Willi Boskovsky became world famous in 1954 when he succeeded Clemens Krauss as conductor of the Vienna Philharmonic’s New Year’s Day Concerts (broadcast first on radio and later television), although he had been concertmaster of the Vienna Philharmonic Orchestra since 1936. He was also the chief conductor of the Johann Strauss Orchestra of Vienna until his death. Instrumental in reviving the ‘Vorgeiger’ tradition set by Johann Strauss I—conducting an orchestra from the violin—Boskovsky was highly acclaimed for his direction of Strauss’s music, carrying off the well-loved style with ease, lightness and humour.
Boskovsky graduated from the Vienna Academy in 1927. He led his own quartet with Philipp Matheis (second violin), Gunther Breitenbach (viola) and Nikolaus Hübner (cello); players who, with Johann Krump (double-bass), Alfred Boskovsky (clarinet), Josef Veleba (horn) and Rudolf Hanzl (bassoon) formed the Vienna Octet and made several recordings that are still favourites today.
Recording for Decca in the 1950s proved fortuitous: his recordings were among the earliest in stereo and became some of Decca’s best sellers. With the Vienna Mozart Ensemble (assorted members of the VPO) Boskovsky recorded Mozart’s complete dances and marches during the 1960s; many were included on the Philips/Polygram ‘Complete Mozart’ CD set issued in the 1990s. He also recorded for EMI a series of Viennese operettas; in 1972 the New York Times praised his Die Fledermaus for its ‘razor-sharp precision’ and ‘muscular thrust’, remarking that ‘he can kick up his heels when called for and still preserve the undercurrent of warmth.’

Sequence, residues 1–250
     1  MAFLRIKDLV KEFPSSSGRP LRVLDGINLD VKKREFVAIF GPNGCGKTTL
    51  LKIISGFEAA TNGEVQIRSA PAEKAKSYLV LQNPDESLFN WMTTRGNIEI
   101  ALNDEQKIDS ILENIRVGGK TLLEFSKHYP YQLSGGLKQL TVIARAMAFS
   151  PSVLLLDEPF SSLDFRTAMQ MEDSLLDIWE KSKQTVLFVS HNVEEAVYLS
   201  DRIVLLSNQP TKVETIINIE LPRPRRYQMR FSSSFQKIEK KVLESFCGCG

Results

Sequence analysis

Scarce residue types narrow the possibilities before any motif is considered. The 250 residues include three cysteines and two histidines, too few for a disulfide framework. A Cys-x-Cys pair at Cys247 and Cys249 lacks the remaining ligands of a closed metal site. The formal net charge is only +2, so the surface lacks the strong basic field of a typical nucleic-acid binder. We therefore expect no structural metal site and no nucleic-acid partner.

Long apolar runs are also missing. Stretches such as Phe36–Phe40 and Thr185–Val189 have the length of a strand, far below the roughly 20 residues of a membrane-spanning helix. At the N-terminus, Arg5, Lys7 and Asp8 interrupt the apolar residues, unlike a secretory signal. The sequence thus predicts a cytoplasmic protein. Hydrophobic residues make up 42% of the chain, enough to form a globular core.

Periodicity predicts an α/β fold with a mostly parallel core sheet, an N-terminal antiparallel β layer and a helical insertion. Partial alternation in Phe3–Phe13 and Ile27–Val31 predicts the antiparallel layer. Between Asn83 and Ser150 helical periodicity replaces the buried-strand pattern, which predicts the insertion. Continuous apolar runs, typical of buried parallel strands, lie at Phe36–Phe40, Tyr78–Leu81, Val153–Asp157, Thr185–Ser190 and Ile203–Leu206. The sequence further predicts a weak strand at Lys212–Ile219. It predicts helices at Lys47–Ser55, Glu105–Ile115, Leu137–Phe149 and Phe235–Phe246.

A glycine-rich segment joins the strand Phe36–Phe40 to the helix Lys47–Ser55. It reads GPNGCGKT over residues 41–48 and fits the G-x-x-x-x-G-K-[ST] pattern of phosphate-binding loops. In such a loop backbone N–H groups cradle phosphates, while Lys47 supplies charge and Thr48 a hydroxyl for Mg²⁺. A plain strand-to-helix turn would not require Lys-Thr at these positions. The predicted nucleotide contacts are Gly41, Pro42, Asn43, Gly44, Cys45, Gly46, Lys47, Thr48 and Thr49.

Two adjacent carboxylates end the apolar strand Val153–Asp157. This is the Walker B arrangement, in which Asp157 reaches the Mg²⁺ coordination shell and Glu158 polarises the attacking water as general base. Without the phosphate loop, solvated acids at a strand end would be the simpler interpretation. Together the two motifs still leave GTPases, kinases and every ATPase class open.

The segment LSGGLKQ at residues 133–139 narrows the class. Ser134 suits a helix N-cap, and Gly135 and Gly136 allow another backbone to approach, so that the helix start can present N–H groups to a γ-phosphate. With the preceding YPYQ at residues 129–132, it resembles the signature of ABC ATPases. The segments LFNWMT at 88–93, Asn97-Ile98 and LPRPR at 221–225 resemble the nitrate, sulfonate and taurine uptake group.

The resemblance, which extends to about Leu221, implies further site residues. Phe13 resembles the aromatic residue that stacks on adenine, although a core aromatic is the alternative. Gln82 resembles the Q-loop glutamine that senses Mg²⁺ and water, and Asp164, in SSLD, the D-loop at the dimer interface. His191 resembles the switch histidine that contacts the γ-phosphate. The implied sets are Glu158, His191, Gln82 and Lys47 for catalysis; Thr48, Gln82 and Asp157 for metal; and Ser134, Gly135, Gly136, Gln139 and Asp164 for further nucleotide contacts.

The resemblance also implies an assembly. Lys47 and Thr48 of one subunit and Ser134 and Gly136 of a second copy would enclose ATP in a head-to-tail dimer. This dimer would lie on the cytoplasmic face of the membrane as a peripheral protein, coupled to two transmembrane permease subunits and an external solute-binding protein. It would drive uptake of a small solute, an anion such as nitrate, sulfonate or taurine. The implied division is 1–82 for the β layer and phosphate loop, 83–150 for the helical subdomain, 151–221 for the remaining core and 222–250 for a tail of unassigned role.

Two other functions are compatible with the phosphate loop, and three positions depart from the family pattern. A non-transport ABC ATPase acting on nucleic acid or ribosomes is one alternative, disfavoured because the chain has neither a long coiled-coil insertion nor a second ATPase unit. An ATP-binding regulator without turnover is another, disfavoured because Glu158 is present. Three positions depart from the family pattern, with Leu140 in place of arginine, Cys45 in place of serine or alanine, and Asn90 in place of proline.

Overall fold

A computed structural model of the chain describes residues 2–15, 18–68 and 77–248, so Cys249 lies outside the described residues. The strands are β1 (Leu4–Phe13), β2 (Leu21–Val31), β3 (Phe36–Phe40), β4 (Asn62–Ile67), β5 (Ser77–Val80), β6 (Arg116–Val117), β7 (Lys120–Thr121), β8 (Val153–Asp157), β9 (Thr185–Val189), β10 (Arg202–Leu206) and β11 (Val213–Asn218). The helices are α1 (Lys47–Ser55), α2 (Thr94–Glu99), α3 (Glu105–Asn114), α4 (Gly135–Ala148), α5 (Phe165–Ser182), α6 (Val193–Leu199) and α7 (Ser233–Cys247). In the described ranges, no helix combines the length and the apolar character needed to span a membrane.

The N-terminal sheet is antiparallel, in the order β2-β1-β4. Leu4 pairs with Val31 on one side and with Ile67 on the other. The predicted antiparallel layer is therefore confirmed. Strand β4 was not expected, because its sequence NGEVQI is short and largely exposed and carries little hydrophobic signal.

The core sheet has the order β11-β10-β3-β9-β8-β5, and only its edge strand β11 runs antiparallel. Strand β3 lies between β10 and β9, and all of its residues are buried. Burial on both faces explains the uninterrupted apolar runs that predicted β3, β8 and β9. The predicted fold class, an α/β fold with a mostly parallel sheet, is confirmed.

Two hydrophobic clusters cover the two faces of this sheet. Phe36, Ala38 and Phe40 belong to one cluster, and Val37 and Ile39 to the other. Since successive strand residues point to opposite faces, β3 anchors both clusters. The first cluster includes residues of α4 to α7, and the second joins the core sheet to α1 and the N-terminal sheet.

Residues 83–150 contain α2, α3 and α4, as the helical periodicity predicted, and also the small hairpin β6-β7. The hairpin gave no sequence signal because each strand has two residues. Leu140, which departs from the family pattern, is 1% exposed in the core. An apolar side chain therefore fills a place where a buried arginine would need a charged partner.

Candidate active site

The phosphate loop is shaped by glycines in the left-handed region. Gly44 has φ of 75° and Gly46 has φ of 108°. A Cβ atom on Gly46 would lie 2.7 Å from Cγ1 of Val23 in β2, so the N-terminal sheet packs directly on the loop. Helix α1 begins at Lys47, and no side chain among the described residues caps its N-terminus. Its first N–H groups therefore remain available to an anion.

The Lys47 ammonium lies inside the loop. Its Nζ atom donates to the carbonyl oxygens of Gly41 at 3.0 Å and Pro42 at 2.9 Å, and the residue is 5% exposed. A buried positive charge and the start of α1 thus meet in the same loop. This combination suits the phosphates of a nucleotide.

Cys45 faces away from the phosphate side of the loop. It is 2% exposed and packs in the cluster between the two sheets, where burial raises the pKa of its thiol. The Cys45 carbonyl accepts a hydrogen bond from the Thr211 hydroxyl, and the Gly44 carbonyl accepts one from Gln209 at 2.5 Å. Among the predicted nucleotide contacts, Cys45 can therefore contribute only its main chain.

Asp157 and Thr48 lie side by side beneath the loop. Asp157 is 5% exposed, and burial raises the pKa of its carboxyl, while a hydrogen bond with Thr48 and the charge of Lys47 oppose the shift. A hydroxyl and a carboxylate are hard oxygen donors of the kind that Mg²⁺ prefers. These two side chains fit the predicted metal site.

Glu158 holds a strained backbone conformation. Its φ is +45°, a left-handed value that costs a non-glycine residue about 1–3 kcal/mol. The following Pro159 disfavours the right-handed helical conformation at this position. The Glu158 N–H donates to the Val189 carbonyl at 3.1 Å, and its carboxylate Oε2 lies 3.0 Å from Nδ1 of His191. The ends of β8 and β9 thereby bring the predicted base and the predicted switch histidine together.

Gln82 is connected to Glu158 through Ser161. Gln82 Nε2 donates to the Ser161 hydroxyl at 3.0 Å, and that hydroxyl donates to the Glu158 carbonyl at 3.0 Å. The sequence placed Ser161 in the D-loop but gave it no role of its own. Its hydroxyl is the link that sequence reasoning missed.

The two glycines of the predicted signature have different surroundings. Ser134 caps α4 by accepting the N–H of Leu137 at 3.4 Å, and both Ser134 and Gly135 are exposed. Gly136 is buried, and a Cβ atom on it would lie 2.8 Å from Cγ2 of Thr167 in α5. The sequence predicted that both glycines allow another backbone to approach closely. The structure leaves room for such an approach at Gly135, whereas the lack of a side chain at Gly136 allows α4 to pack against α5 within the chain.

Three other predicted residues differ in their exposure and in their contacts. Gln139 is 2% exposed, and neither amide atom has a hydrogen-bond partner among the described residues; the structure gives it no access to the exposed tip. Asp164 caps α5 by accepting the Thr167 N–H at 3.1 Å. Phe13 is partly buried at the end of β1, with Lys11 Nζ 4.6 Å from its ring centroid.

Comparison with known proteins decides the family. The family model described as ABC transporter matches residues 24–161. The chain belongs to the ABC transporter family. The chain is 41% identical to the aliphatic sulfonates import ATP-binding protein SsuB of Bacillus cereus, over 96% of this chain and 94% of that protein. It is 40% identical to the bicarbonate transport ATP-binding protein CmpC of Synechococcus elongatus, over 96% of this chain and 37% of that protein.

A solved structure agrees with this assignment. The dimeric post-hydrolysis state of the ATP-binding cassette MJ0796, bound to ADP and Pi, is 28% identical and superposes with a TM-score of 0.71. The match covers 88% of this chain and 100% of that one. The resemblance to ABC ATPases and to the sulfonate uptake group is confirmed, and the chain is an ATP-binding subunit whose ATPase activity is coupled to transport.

Notably, Boskovsky’s 1979 New Year’s Day Concert was recorded live by Decca in the first commercial use of their proprietary PCM digital system. The resulting two-LP set was received by The Gramophone magazine as ‘a riotous issue […] astoundingly vivid and atmospheric’ and has been re-released in the Decca Legends series.
Few violinists could more accurately claim to embody Viennese style and upbringing than Boskovsky, but his playing on record is an acquired taste. For many, his almost perfect tone is the epitomy of Romanticism and richness; for others he reduces the trials and tribulations of compositional greatness to mere chocolate-box fancies. Thus, Beethoven’s Septet, Op. 20 (1950) and Mozart’s Violin Concerto K. 216 (1960) are played with great beauty, but transformed from seminal works to high-class background music by an indefinable quality of tonal perfection. Some recordings, such as Brahms’s Op. 115 Clarinet Quintet (1961), have much greater depth and intensity, whilst two 1950s recordings of Schubert’s ‘Trout’ Quintet made with Walter Panhoffer and Clifford Curzon respectively are suitably entertaining. A live 1950 recording of Brahms’s Double Concerto (with Emanuel Brabec on cello) suffers from Furtwängler’s characteristically turgid tempi and is awash with clumsy phrasing, but allowances should perhaps be made for the fact that Boskovsky and Brabec were pulled out of the VPO as late stand-ins for Menuhin and Casals.
© Naxos Rights International Ltd. — David Milsom (A–Z of String Players, Naxos 8.558081-84)